China has given ‘5 different explanations’ for troop buildup in LAC, says Jaishankar
Ties between India and China have been “badly damaged” and are going through their most difficult phase due to Beijing’s violation of the agreements on the maintenance of peace and quiet on the Royal Line of Control (LAC), it said on Wednesday. the Minister of Foreign Affairs, S Jaishankar.
The Chinese side has given “five different explanations” for violating the agreements by bringing tens of thousands of soldiers to LAC in the Ladakh sector, a fact that has “deeply disturbed” the relationship, it said in an online conversation with the group. from Australian experts. Lowy Institute.
With the India-China border clash in its eighth month, Jaishankar made it clear that extensive contacts between the two sides at different levels had so far failed to address the basic issue that “the agreements are not being honored.”
“Today we are probably in the most difficult phase of our relationship with China, certainly in the last 30 or 40 years … or even longer,” he said, noting that the 20 Indian soldiers killed in the fighting in the Galwan Valley June was the first military casualties in LAC since 1975.
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The relationship has been “very significantly damaged” because of all the positive developments in bilateral relations over the past 30 years, including the fact that China becomes India’s second largest trading partner and commitments in tourism and travel, they were based on the fact that the two sides had agreed to peace and quiet in the border areas while trying to resolve the boundary issue, Jaishankar said.
Pointing to the multiple agreements since 1993 that committed both parties not to bring large forces to LAC, he said: “Now, for some reason, why the Chinese have given us five different explanations to date, the Chinese have violated it.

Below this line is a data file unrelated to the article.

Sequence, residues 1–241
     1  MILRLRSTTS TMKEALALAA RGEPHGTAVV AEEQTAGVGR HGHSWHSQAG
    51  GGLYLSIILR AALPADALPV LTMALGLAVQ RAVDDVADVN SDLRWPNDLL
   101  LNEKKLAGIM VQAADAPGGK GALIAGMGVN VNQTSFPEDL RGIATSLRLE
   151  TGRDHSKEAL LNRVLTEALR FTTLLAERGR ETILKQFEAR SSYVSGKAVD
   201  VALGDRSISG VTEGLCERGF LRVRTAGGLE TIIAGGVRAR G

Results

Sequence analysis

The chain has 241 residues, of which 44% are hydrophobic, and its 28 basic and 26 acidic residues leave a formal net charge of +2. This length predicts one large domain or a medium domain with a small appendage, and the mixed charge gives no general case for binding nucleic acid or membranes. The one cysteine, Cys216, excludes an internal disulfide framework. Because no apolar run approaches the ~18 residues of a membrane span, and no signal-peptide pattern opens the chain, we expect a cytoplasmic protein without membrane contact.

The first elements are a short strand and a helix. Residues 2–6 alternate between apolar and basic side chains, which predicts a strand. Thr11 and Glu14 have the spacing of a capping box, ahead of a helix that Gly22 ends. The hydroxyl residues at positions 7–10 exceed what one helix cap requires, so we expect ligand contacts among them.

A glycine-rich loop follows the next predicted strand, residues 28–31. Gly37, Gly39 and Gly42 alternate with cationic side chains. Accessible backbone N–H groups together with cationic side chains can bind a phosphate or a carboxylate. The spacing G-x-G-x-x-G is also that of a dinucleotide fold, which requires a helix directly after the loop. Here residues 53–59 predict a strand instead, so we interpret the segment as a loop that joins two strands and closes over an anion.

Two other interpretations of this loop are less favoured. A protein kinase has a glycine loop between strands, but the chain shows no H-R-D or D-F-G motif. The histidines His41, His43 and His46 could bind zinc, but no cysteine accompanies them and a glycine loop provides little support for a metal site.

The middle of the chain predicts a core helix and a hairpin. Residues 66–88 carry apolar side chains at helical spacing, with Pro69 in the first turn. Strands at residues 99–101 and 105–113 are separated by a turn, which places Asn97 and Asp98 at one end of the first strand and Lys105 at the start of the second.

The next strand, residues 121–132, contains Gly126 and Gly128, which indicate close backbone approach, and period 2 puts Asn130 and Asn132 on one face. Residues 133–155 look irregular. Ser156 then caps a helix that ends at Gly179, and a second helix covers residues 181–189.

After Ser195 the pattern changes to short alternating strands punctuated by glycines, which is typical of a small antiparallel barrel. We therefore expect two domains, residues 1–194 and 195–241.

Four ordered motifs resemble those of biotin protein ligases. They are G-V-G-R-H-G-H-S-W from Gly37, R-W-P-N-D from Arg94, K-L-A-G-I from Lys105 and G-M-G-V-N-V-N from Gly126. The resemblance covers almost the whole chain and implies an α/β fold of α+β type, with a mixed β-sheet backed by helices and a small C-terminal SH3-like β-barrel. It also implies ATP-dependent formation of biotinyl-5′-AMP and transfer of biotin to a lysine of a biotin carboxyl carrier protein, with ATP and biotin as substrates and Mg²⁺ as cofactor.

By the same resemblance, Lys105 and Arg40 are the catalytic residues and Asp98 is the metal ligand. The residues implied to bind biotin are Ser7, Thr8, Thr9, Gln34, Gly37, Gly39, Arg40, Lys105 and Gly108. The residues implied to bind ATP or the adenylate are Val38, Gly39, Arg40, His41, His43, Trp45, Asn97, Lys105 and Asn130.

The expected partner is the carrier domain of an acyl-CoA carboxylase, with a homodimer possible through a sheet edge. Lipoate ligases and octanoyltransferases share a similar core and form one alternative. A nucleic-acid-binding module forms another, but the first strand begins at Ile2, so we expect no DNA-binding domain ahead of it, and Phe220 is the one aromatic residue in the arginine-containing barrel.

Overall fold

“The Chinese have literally brought tens of thousands of soldiers in full military readiness mode directly to the LAC in Ladakh. Naturally, the relationship would be deeply disturbed by this. ”
While there have been discussions and clashes between troops in the past, there has never been a major lack of understanding, he said. With soldiers from the two sides very close to each other this year, “it was not at all surprising that something went horribly wrong,” he added in a reference to the confrontation in the Galwan Valley that resulted in 20 Indian casualties and “completely changed. the national feeling “. ”.
Getting the relationship back on track is now a “big problem”, although communications between the two parties were not a problem, Jaishankar said. He said he had personally spoken by phone with his Chinese counterpart Wang Yi and met on the sidelines of a meeting of the Shanghai Cooperation Organization in Moscow, while there were also meetings and contacts between defense ministers, military commanders and diplomats.
“Communication is not the problem, the problem is that we have agreements and those agreements are not being fulfilled,” he added.